Bill Evans she isn’t, but Yoko Miwa conjures some of that same two-hand-chording majesty, sustain, and a sense of slowly stirring stars. She’ll let rip with left-hand runs neat as you please, but she always finds comfort, and quiet galaxies, by letting her hands talk to each other in adroit voices. And as in Evans’ best trios, everyone dissolves into everyone else. Drum solos drop down frequently, often casually—some trading fours pro forma at the back end of a tune, but materializing seemingly whenever the collective muse nods. Scott Goulding’s snare pops in a searing semblance of Roy Haynes’ famed “Snap Crackle.” Will Slater’s bass emerges, less often than Goulding, but with a sure-fingered inquisitiveness to hone your appetite.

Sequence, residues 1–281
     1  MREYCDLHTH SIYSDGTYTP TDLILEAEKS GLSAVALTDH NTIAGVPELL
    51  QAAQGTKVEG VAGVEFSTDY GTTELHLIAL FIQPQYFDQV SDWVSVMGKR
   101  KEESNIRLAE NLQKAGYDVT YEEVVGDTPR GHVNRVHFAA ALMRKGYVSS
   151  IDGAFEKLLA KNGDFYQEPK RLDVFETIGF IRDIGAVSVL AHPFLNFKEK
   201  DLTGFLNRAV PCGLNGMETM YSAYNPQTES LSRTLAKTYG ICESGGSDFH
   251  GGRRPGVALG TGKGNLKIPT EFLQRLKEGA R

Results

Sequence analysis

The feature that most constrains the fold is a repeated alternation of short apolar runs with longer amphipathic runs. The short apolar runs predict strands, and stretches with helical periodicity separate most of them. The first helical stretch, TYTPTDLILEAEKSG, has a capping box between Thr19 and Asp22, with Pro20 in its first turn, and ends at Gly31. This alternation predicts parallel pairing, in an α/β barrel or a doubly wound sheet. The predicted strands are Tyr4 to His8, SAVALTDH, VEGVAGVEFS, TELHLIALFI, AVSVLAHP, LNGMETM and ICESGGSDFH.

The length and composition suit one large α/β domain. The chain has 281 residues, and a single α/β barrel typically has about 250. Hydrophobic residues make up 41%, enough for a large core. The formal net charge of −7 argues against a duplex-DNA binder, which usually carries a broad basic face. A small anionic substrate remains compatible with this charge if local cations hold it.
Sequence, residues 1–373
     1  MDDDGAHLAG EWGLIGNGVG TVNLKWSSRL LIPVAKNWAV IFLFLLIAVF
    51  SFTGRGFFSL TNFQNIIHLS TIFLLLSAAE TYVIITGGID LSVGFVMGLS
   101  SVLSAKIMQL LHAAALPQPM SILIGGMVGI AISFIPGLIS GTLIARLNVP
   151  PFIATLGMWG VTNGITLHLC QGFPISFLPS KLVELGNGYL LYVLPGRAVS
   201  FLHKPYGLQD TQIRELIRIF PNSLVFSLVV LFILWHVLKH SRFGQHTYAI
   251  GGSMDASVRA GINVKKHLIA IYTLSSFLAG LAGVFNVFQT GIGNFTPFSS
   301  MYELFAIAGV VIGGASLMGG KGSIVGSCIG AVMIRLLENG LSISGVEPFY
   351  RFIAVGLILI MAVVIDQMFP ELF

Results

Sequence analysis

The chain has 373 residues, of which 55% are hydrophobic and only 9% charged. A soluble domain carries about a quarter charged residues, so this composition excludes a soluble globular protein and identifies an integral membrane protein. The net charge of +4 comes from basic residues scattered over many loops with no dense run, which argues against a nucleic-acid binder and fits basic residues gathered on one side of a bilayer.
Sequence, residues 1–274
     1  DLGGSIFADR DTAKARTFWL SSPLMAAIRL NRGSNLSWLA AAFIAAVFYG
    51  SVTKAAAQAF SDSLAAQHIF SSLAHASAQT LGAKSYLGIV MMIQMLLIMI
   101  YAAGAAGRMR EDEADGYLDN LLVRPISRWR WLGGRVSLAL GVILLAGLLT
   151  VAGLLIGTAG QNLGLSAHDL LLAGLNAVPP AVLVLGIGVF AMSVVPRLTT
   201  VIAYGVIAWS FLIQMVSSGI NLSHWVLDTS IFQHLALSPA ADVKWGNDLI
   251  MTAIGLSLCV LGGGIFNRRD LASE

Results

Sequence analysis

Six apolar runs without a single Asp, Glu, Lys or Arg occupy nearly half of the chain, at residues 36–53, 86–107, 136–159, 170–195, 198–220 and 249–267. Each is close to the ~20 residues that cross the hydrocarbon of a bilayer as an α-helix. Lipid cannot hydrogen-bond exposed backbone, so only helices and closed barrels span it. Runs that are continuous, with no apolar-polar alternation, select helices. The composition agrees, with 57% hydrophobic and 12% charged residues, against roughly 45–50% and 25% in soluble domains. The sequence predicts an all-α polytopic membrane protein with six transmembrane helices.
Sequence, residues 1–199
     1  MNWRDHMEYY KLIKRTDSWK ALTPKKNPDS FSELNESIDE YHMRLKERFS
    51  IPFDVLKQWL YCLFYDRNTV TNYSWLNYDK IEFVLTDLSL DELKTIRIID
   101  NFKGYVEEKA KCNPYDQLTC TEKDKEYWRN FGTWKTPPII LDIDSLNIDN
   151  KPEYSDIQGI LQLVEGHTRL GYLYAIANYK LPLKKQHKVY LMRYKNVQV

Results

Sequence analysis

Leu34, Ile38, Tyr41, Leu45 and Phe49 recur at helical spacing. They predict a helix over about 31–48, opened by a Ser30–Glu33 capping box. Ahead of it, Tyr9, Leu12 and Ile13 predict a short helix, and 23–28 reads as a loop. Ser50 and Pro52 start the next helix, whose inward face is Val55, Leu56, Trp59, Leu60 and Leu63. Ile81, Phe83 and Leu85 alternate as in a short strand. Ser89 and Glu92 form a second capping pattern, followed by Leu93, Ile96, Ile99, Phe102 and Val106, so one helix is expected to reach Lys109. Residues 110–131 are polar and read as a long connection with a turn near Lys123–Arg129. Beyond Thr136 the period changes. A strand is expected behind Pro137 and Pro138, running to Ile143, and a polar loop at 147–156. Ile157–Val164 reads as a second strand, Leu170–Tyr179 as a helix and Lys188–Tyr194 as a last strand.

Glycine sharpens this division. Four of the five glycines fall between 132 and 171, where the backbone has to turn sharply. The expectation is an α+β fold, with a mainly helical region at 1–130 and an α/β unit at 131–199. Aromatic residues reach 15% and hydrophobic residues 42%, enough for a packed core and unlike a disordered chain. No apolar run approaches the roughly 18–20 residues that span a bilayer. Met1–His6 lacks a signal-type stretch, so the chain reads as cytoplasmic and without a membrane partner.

“Babe I’m Gonna Leave You,” the set closer, means to grab ink and obviously did (Q.E.D.), but the thundering à la Led Zeppelin parts for Miwa’s evocation of ruined romance as ruined buildings, incomplete structures, with bowed, lamenting melody from guest bassist Brad Barrett. My fave flip, though: Turning Monk’s “Think of One” into funk. Not raging funk, but a genteel bump though the head melody and bobbing riff syncopation. One of the finest albums of this fledgling year.